The OECD has released a public consultation document concerning a new global tax transparency framework to provide for the reporting and exchange of information with respect to crypto-assets, as well as proposed amendments to the Common Reporting Standard (CRS) for the automatic exchange of financial account information between countries. The purpose of the consultation is to inform policymakers’ decisions on the possible adoption of any such framework and its related design components.

In recent years, individuals have rapidly adopted the use of crypto-assets for a range of investment and financial activities. However, unlike traditional financial products, crypto-assets can be transferred and held without the intervention of traditional financial intermediaries and without any central administrator having full visibility on either the transactions carried out or crypto-asset holdings. Therefore, crypto-assets could be exploited to undermine existing international tax transparency initiatives, such as the CRS.

Against this background, the G20 has asked the OECD to develop a framework for the automatic exchange of information on crypto-assets. This new framework provides for the collection and exchange of tax-relevant information between tax administrations, with respect to persons engaging in certain transactions in crypto-assets. It covers crypto-assets that can be held and transferred in a decentralised manner, without the intervention of traditional financial intermediaries, as well as asset classes relying on similar technology that may emerge in the future. Individuals and entities that, as a business, provide services to exchange crypto-assets against other crypto-assets, or for fiat currencies, must apply the due diligence procedures to identify their customers, and then report the aggregate values of the exchanges and transfers for such customers on an annual basis.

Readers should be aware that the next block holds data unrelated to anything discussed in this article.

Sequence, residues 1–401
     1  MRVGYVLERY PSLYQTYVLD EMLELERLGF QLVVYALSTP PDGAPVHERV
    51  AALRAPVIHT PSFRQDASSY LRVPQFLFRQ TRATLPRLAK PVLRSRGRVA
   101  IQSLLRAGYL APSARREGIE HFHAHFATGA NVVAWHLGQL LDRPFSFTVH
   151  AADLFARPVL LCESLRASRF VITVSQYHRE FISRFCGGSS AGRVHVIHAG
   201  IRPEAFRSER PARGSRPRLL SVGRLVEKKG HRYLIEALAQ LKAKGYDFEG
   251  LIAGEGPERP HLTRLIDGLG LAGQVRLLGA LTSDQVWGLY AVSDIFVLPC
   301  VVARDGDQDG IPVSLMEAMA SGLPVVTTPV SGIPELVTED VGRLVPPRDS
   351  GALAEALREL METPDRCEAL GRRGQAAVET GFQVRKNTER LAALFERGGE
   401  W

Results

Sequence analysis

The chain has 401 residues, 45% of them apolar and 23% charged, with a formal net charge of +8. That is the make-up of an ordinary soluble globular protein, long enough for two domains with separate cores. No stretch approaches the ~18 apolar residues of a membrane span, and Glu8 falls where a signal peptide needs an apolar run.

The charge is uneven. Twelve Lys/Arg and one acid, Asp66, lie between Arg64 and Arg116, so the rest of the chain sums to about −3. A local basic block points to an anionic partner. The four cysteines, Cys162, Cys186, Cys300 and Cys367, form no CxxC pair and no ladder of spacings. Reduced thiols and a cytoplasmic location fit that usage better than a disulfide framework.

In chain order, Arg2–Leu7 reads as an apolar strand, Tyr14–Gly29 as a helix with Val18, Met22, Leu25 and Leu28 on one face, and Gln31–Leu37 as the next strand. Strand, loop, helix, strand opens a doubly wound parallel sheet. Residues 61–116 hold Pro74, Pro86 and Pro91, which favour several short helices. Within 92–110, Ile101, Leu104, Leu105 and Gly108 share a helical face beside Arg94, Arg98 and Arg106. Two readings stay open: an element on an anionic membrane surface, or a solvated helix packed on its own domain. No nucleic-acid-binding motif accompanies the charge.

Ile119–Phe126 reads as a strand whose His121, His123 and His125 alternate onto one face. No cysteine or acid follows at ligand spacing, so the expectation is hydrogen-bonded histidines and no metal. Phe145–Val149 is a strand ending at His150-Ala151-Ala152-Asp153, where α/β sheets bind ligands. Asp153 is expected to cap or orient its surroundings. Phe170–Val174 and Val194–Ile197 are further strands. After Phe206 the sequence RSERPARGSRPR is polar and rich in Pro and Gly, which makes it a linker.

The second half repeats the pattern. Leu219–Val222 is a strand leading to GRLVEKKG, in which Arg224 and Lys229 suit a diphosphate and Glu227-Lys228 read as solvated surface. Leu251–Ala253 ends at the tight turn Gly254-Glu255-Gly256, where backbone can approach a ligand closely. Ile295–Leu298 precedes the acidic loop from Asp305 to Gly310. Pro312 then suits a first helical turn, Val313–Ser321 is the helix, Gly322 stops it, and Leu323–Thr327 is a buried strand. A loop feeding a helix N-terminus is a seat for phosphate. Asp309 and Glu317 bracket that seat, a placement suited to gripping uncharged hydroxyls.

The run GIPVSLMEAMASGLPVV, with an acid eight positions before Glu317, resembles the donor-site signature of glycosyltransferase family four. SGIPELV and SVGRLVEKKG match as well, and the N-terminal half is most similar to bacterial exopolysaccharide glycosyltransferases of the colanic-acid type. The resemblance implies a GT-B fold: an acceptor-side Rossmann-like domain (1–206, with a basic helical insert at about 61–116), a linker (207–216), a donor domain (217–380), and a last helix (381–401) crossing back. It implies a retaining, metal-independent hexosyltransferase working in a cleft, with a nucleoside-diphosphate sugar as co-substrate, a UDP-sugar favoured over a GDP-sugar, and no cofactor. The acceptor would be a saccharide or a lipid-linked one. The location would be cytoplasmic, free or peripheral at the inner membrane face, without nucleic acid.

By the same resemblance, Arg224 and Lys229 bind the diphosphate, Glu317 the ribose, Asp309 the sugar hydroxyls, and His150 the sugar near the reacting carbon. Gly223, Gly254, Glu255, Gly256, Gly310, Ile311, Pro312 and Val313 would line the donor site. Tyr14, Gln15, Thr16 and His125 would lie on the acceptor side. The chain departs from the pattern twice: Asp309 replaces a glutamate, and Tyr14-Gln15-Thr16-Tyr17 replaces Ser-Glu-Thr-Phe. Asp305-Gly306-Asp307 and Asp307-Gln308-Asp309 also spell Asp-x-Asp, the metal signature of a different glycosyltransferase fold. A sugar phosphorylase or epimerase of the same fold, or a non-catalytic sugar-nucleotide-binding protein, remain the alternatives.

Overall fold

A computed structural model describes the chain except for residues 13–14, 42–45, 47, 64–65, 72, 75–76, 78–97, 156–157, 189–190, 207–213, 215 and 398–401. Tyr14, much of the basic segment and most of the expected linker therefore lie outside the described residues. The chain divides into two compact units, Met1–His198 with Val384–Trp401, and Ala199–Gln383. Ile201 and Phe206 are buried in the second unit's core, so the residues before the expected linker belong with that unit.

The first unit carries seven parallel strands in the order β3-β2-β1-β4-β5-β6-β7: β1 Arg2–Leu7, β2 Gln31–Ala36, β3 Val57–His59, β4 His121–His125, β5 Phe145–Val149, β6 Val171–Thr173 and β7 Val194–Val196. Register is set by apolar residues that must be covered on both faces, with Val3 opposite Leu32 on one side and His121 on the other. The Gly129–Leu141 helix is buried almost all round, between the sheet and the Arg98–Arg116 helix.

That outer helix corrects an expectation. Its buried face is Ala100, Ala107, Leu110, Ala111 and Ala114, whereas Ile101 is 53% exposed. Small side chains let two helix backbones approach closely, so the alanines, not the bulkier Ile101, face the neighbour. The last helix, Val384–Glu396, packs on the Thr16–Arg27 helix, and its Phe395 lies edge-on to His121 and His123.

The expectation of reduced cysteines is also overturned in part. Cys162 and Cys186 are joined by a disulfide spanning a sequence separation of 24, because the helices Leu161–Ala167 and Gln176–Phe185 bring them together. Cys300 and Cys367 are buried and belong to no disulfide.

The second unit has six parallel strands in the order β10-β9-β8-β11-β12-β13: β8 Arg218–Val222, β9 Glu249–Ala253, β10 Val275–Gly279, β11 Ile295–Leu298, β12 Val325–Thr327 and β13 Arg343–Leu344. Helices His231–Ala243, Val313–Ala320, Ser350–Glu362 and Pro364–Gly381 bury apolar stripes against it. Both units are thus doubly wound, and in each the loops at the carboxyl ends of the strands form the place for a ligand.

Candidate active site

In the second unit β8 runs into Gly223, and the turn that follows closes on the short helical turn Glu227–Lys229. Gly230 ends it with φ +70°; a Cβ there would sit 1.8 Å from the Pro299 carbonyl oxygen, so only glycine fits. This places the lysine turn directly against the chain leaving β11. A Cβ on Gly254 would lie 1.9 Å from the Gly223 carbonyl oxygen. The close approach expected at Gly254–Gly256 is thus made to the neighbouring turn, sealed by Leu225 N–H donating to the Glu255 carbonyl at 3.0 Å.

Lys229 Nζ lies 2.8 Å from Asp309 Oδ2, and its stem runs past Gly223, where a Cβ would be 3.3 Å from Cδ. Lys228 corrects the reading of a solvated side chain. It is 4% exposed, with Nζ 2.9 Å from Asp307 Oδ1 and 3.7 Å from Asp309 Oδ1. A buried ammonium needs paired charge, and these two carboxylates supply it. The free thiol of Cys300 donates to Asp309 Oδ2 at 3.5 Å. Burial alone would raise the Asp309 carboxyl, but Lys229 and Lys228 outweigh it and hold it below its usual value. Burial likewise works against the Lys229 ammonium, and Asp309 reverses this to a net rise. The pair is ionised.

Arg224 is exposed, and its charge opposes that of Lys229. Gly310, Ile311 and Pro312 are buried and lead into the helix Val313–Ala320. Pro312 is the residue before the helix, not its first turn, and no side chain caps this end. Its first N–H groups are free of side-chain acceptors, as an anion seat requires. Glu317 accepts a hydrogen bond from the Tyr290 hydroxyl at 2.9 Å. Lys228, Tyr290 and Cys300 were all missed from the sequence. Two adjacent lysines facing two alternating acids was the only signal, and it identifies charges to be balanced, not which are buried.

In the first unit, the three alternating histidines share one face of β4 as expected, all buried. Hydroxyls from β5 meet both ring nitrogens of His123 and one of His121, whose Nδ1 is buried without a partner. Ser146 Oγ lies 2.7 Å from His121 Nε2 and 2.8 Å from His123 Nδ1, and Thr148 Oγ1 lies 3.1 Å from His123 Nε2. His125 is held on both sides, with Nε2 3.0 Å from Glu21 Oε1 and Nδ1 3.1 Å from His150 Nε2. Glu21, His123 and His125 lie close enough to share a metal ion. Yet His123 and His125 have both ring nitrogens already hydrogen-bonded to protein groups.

Alongside the Crypto-Asset Reporting Framework (CARF), the OECD has also developed proposals as part of the first comprehensive review of the CRS, with the aim of further improving the operation of the CRS, based on the experience gained by governments and business over the past seven years since its adoption. The proposal extends the scope of the CRS to cover electronic money products and Central Bank Digital Currencies. In light of the development of the CARF, the proposals also include changes to cover indirect investments in crypto-assets through Investment Entities and derivatives. At the same time, the proposal contains new provisions to ensure an efficient interaction between the CRS and the CARF, in particular, to limit instances of duplicative reporting. Finally, the amended CRS seeks to improve the due diligence procedures and reporting outcomes, with a view to increasing the usability of CRS information for tax administrations and limiting burdens on Financial Institutions, where possible.

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